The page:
Someone recently commented on a friends post that the hamstrings are knee flexors and so in a pose like reverse plank ("purvottanasana" or "straight bridge") they don't activate, since the knees are kept straight.
The hamstrings are actually a multijoint set of muscles that run along the back of the thigh. They act on the back of the hip joint and the back of the knee. They can be used with the gluteus maximus to open the front of the hip joint.
In belly upwards poses where legs support the body and the knees are straight, such as in reverse plank, they can be used in conjunction with the quadriceps to stabilize the knee.
Some define the hamstrings as only those muscles that work on both the back of the hip and the back of the knee.
I think of them as including the Adductor Magnus long head (which acts only on the hip), biceps femoris short head (which acts only on the knee), biceps femoris long head, semitendinosus and semimembranosus.
All of these muscles are positioned along the back of the thigh and affect the knees or hips or both.
In general, bending the knee and/or bending the hip backwards allows the hamstrings to shorten (or is caused by them shortening) while straightening the knee and/or bending the hip forwards causes the hamstrings to lengthen.
Other muscles that relate to the hamstrings in the way that they cross the back of the knee and insert into the inner surface near the top of the tibia (along with the semitendinosus) include the gracilis and sartorius.
My feeling is that with the knee straight these muscles can be used to help stabilize the knee in rotation. With the knee bent they can be used to rotate the shin inwards relative to the thigh.
Also important for their job of opposing the hamstrings at the knee joint are the quadriceps.
And for working with or instead of the hamstrings at the back of the hip joint is the gluteus maximus.
A set of muscles important in opposing the hamstrings (and glute maximus) at the hip joint are the hip flexors. This group can include the psoas, rectus femoris, iliacus, tensor fasciae latae, gluteus minimus as well as the previously mentioned sartorius.
With regards to bending the knee backwards, there is the popliteus muscle and the gastrocnemius, a calf muscle.
Anatomically it makes sense to differentiate between the muscles that work on both the back of the hip and the knee (multi joint or poly-articulate muscles) versus those that work just on the back of the knee or just on the back of the hip (single joint or mono-articulate muscles).
The gluteus maximus is actually relatively complex in terms of anatomy in that it could be divided into two (or perhaps even three) different muscles.
It is this latter group of fibers that can be used to bend the hip backwards.
The standing hip thrust is one way of activating the gluteus maximus muscle.
Standing with feet about hip width apart, activate the glutes and push the hips forwards.
You may find that it feels better to activate the glutes first and then push the hips forwards. However, also try pushing the hips forwards and activating the glutes as you do so.
When activating your glutes for this exercise, prevent your thigh bones from rotating externally.
One method for activating the glutes is to imagine pinching a penny between your buttocks. However, this causes the thighs to externally rotate.
The action you are trying to do in this pose is using the glutes to push your hips forwards.
This glute squeezing action can be done without externally rotating the thighs.
The adductor-magnus is another large leg and hip muscle that can be divided into parts. The portion that is relevant to this article is sometimes called the adductor-magnus-long-head. It attaches from the sitting bone to the bottom of the thigh bone, just above the inside of the knee. The main difference between it and the hamstring muscles is that it doesn't cross the knee joint.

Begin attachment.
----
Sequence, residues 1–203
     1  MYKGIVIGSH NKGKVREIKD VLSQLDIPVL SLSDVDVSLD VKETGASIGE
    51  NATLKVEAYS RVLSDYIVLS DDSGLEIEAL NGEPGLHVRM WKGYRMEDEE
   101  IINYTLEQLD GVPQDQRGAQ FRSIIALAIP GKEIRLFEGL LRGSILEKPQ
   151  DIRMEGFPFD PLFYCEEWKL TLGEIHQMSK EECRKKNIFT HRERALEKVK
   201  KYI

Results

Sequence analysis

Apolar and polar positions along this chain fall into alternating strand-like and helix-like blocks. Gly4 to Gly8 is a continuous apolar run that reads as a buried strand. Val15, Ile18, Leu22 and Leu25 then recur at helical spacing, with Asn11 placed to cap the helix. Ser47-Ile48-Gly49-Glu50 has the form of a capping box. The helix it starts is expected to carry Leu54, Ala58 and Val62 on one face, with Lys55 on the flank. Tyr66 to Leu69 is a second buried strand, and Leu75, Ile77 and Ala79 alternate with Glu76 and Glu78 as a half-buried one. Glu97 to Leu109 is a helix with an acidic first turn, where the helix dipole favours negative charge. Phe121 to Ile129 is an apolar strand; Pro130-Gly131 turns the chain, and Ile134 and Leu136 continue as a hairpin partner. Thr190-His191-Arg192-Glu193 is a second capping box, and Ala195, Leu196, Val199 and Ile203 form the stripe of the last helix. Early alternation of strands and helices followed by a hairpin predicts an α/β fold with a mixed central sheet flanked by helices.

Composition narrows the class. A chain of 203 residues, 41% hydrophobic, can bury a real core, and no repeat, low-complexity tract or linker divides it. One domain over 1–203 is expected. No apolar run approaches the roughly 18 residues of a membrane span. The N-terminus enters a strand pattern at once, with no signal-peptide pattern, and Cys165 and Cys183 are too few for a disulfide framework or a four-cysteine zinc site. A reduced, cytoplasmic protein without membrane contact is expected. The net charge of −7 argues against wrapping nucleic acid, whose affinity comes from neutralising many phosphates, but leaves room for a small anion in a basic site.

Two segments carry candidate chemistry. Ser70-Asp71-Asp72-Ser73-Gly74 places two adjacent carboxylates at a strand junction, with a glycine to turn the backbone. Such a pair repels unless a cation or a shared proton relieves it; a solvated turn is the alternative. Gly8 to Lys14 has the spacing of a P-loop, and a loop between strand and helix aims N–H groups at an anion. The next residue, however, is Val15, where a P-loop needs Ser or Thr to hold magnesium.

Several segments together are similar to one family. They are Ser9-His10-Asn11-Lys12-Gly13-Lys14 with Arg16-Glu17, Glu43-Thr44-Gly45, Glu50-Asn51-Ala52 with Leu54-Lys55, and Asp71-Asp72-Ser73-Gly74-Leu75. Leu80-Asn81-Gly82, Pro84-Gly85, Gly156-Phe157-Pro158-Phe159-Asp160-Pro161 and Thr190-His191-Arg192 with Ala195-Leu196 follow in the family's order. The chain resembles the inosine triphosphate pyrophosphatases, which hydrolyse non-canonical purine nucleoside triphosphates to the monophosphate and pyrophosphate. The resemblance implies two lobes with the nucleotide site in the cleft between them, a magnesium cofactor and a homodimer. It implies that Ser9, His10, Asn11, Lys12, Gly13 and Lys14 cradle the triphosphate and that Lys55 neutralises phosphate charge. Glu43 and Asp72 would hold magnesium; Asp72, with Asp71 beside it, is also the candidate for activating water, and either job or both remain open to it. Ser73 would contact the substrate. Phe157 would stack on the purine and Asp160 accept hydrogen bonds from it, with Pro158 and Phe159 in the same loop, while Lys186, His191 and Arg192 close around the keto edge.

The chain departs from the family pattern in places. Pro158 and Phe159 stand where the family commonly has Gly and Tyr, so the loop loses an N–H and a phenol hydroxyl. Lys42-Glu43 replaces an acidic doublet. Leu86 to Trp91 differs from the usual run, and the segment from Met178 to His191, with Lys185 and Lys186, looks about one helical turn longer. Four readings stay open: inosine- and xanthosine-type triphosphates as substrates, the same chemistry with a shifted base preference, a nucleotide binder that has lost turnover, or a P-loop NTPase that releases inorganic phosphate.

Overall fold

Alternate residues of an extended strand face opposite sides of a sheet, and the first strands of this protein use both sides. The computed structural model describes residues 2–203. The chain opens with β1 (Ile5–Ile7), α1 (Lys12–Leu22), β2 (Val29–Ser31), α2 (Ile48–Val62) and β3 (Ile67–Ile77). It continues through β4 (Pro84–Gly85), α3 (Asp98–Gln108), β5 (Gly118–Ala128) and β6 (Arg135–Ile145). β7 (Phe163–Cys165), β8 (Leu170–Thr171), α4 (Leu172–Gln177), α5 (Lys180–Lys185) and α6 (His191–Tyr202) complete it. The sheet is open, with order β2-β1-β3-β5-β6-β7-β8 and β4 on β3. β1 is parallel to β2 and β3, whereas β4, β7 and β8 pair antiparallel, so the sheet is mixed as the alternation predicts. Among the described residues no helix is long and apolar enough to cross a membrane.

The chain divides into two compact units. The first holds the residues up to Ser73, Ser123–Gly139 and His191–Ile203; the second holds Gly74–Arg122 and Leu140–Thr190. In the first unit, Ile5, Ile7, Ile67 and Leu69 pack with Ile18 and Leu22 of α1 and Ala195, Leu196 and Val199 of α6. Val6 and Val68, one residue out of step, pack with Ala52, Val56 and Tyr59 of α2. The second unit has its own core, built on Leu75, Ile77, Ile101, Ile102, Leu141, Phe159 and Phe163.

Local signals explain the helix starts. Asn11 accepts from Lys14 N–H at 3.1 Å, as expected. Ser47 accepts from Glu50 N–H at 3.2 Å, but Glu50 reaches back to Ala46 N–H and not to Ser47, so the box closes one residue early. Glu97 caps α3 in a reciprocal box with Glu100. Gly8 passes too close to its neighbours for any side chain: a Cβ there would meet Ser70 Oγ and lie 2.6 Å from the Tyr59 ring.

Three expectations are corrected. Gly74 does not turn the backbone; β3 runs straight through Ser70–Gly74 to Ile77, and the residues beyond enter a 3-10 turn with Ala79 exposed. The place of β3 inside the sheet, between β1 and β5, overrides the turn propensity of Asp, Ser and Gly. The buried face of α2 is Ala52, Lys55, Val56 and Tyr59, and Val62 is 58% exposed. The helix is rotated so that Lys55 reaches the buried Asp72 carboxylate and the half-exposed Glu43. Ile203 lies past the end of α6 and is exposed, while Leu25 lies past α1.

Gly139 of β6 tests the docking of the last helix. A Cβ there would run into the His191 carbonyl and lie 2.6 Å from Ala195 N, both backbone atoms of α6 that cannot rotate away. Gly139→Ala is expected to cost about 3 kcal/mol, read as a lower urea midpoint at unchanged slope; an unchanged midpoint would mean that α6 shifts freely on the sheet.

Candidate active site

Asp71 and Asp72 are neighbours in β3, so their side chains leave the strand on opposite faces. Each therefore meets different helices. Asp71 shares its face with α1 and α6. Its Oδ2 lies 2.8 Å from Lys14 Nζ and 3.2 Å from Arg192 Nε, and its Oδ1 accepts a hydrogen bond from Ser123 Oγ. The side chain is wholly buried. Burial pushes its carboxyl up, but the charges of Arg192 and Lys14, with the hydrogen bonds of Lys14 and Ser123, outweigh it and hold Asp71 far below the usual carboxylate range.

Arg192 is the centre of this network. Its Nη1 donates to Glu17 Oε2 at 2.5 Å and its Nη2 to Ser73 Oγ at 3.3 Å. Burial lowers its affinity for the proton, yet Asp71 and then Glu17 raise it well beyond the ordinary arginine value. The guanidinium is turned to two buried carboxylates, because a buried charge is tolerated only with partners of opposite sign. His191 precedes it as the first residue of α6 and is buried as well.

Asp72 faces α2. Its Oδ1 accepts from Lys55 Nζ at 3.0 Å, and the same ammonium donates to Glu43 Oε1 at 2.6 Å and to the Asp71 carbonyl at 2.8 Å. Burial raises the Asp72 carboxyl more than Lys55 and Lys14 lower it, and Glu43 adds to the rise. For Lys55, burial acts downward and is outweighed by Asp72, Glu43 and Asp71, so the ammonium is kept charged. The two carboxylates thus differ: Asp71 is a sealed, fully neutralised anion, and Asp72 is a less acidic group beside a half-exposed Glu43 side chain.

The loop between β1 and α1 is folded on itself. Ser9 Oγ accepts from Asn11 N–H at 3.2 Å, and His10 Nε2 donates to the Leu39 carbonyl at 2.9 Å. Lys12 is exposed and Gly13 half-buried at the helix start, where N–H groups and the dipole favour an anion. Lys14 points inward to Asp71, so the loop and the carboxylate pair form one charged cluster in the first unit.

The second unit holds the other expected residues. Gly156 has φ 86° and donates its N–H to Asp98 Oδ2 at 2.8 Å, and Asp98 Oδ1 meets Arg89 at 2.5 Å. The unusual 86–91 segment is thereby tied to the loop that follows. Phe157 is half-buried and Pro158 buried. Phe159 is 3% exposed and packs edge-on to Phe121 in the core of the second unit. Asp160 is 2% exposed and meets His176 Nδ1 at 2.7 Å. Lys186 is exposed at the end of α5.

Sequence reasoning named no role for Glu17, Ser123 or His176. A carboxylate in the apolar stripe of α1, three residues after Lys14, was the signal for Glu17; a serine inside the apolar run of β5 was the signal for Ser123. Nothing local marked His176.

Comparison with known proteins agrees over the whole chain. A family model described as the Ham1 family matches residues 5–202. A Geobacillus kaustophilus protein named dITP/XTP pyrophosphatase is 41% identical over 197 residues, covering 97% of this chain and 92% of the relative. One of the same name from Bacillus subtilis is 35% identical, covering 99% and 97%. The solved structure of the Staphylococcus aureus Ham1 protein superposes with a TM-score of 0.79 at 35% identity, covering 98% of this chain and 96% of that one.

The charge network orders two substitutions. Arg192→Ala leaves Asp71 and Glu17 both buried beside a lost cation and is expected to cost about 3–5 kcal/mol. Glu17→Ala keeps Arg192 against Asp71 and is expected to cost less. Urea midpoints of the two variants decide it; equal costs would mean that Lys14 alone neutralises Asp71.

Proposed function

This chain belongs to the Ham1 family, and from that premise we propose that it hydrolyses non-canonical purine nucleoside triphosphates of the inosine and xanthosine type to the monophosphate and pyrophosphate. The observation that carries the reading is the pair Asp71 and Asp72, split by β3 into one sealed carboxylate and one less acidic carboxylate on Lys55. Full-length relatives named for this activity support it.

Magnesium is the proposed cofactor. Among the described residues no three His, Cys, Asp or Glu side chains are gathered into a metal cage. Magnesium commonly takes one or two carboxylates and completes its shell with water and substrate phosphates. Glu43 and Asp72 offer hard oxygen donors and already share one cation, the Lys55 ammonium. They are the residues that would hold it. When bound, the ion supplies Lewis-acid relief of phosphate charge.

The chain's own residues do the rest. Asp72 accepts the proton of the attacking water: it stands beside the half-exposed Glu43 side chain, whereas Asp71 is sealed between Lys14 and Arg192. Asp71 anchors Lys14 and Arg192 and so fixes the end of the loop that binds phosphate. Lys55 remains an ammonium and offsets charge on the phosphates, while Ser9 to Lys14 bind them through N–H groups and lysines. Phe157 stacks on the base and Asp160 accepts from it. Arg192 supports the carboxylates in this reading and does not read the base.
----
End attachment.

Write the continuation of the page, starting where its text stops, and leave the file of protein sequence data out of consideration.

Like the gluteus maximus this muscle too can be used to bend the hip backwards. Where the gluteus maximus is quite bulky the adductor-magnus-long-head is quite thin. One way that I teach students to use this muscle is in cat pose with one leg lifted with the knee straight.
So that the knee of the lifted leg easily points downwards (it's easy to allow the lift the leg in such a way that the knee points slightly outwards) feel like you are pulling upwards on the inside edge of the thigh, just above the knee. Pull upwards on the inside edge of the thigh and allow the weight of the bulk of the thigh sink down.
The adductor-magnus-long-pulls upwards on the inner thigh while the weight of the thigh pulls downwards and you may find that the relative effort required to keep the leg is quite small.
See if you can use this same set of actions to lift the leg higher.
The hamstring muscles consist of four muscles, the semitendinosus, semimembranosus, biceps femoris long head and biceps femoris short head.
Some anatomists don't consider the biceps-femoris-short-head to be a "hamstring muscle" because it only crosses the back of the knee, and not the hip. I don't think it matters because I'm more concerned with the muscle itself versus the names of the muscle or what group they belong too.
Obviously being consistent in the use of names of muscles is important so that we know which muscles we are talking about, and so to avoid confusion I'll refer to the muscles by their individual name where it is important to differentiate them.
The biceps femoris short head attaches to the back of the femur. It crosses the back of the knee to attach to the fibula. It and the popliteus are the only two muscles that cross the back of the knee and act only on the knee. (The gastrocnemius also crosses the back of the knee but this calf muscle also works on the back of the ankle.)
The biceps-femoris-long-head originates at the sitting bone (ischial tuberosity), and then runs down the back of the thigh, connecting to the short head muscle and from there attaching with it to the fibula.